Pennsylvania Ballet soloist Oksana Maslova in rehearsal for "Don Quixote."1/4 Pennsylvania Ballet soloist Oksana Maslova in rehearsal for "Don Quixote."
Pennsylvania Ballet members rehearse for "Don Quixote."|Alexander Iziliaev2/4 Pennsylvania Ballet members rehearse for "Don Quixote."|Alexander Iziliaev
Many costume elements were brought over directly from Spain by Angel Corella.3/4 Many costume elements were brought over directly from Spain by Angel Corella.
Angel Corella, artistic director of the Pennsylvania Ballet|Alexander Iziliaev4/4 Angel Corella, artistic director of the Pennsylvania Ballet|Alexander Iziliaev
Growing up in Madrid, Angel Corella was just one of countless students subjected to reading “Don Quixote” at a young, uninterested age.
“It’s almost trauma for all the kids because it’s such a long book,” Corella, now the Pennsylvania Ballet ’s artistic director, recalled last week during a break from rehearsals.
“The teacher would read aloud and then call on someone to continue, so you had to be following the reading or he’d give you a zero. So it was very stressful, and it’s a novel that most of us know by heart. If you ask any Spaniard, I’m sure that they’ll be able to recite the beginning of ‘Don Quixote.’”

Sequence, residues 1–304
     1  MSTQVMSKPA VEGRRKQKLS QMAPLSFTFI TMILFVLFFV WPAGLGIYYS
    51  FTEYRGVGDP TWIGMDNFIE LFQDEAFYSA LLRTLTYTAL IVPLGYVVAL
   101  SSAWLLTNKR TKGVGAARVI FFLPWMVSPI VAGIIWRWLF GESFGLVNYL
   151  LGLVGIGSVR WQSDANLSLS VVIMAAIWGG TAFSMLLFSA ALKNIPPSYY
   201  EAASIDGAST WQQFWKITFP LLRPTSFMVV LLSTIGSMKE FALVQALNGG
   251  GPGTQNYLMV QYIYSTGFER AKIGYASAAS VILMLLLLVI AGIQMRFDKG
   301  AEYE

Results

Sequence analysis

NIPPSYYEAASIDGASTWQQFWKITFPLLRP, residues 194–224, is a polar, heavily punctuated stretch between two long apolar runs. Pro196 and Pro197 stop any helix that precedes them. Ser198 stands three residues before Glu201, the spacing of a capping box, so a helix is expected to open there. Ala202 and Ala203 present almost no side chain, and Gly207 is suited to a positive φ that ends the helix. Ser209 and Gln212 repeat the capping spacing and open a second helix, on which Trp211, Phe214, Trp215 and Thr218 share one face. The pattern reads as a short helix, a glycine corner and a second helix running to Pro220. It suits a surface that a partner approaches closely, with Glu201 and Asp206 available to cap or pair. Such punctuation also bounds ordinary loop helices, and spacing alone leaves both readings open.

Choreographer Marius Petipa’s ballet adaptation has long since eclipsed the Cervantes novel in Corella’s experience. He’s performed the piece countless times as principal dancer with the American Ballet Theatre and as a guest artist with elite ballet companies around the world. Now he brings “Don Quixote” to the Pennsylvania Ballet for the first time in a new adaptation that he hopes will bring the flavor of his native Spain to Philly audiences.
“Most of the ballet’s productions are beautiful, but they focus a lot on the dancing,” Corella said. “I wanted to spend time on the costumes and sets to transport everyone that comes to see the ballet, so that when the curtain goes up they actually feel like they’re in a town in Spain. The color of the stones, the color of the costumes, the light that is very different in Spain — I wanted to make sure that it looked as authentic as possible.”
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To realize that ambition, Corella spent the summer in Barcelona, riding his Vespa to old shops where he purchased shawls, fans, castanets and headpieces that have become an integral part of the production.
While Corella made his debut as artistic director during the 2014-15 season, this year is the first that he programmed completely in his new position. He used the opportunity to plan what he calls his “dream season,” with “Don Quixote” both a nod to his heritage and a show that he hopes will appeal to a wide-ranging audience.
“It’s a fun story, a comedy, but at the same time there’s a lot of virtuoso dancing. It’s a story about how love conquers all with a lot of great music. It’s actually a better ballet for kids than ‘The Nutcracker.’ It’s the perfect ballet for everyone.”
Academy of Music, Broad and Locust sts.